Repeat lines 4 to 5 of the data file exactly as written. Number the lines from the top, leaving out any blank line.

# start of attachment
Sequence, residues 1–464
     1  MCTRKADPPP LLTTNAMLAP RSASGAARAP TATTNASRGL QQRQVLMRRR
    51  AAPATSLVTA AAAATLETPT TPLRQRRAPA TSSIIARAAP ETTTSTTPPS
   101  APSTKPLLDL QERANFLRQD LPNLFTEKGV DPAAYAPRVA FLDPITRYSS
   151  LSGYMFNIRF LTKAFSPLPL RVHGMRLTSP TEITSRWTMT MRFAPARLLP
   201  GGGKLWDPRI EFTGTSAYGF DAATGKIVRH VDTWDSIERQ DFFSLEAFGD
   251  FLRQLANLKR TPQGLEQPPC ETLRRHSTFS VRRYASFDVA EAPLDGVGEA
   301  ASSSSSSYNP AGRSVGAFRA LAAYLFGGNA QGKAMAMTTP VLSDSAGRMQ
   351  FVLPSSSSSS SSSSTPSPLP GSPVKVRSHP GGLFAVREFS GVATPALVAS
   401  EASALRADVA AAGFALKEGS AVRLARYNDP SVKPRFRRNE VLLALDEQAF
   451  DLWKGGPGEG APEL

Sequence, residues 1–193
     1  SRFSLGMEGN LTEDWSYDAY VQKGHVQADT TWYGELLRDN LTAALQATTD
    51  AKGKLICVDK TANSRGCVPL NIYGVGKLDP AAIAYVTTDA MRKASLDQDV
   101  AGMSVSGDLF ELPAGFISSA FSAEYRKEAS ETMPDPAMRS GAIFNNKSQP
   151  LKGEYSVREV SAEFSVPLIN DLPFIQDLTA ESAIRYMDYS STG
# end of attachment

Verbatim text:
   101  APSTKPLLDL QERANFLRQD LPNLFTEKGV DPAAYAPRVA FLDPITRYSS
   151  LSGYMFNIRF LTKAFSPLPL RVHGMRLTSP TEITSRWTMT MRFAPARLLP